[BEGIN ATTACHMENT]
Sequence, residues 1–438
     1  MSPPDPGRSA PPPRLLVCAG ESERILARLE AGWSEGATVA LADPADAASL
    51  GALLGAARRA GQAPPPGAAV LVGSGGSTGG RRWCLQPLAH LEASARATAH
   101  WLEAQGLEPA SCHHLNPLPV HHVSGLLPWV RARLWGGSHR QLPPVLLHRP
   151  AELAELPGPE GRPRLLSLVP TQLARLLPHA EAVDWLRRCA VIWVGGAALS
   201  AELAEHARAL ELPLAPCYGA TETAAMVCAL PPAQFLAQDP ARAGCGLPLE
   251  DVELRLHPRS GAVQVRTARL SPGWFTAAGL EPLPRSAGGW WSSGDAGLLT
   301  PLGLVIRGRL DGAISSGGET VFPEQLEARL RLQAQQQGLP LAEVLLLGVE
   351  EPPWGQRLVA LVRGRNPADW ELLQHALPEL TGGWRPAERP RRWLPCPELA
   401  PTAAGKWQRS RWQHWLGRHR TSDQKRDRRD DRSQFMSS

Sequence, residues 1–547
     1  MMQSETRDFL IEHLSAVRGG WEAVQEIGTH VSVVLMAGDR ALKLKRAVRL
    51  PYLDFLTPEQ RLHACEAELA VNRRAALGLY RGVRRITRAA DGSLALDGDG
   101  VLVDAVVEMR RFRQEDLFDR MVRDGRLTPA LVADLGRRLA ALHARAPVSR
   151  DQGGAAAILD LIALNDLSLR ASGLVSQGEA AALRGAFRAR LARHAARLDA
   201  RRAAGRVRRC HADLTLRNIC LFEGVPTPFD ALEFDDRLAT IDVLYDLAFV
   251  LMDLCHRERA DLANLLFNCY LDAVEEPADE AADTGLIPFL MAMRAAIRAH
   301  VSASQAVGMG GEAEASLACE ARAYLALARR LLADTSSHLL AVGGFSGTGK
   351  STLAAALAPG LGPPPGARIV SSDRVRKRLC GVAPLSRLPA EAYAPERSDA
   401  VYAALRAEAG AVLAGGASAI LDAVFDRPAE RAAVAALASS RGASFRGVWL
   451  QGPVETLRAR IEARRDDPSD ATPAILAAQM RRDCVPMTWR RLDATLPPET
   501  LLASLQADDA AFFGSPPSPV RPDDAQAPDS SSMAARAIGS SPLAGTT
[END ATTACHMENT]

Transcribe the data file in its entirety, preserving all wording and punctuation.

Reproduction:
Sequence, residues 1–438
     1  MSPPDPGRSA PPPRLLVCAG ESERILARLE AGWSEGATVA LADPADAASL
    51  GALLGAARRA GQAPPPGAAV LVGSGGSTGG RRWCLQPLAH LEASARATAH
   101  WLEAQGLEPA SCHHLNPLPV HHVSGLLPWV RARLWGGSHR QLPPVLLHRP
   151  AELAELPGPE GRPRLLSLVP TQLARLLPHA EAVDWLRRCA VIWVGGAALS
   201  AELAEHARAL ELPLAPCYGA TETAAMVCAL PPAQFLAQDP ARAGCGLPLE
   251  DVELRLHPRS GAVQVRTARL SPGWFTAAGL EPLPRSAGGW WSSGDAGLLT
   301  PLGLVIRGRL DGAISSGGET VFPEQLEARL RLQAQQQGLP LAEVLLLGVE
   351  EPPWGQRLVA LVRGRNPADW ELLQHALPEL TGGWRPAERP RRWLPCPELA
   401  PTAAGKWQRS RWQHWLGRHR TSDQKRDRRD DRSQFMSS

Sequence, residues 1–547
     1  MMQSETRDFL IEHLSAVRGG WEAVQEIGTH VSVVLMAGDR ALKLKRAVRL
    51  PYLDFLTPEQ RLHACEAELA VNRRAALGLY RGVRRITRAA DGSLALDGDG
   101  VLVDAVVEMR RFRQEDLFDR MVRDGRLTPA LVADLGRRLA ALHARAPVSR
   151  DQGGAAAILD LIALNDLSLR ASGLVSQGEA AALRGAFRAR LARHAARLDA
   201  RRAAGRVRRC HADLTLRNIC LFEGVPTPFD ALEFDDRLAT IDVLYDLAFV
   251  LMDLCHRERA DLANLLFNCY LDAVEEPADE AADTGLIPFL MAMRAAIRAH
   301  VSASQAVGMG GEAEASLACE ARAYLALARR LLADTSSHLL AVGGFSGTGK
   351  STLAAALAPG LGPPPGARIV SSDRVRKRLC GVAPLSRLPA EAYAPERSDA
   401  VYAALRAEAG AVLAGGASAI LDAVFDRPAE RAAVAALASS RGASFRGVWL
   451  QGPVETLRAR IEARRDDPSD ATPAILAAQM RRDCVPMTWR RLDATLPPET
   501  LLASLQADDA AFFGSPPSPV RPDDAQAPDS SSMAARAIGS SPLAGTT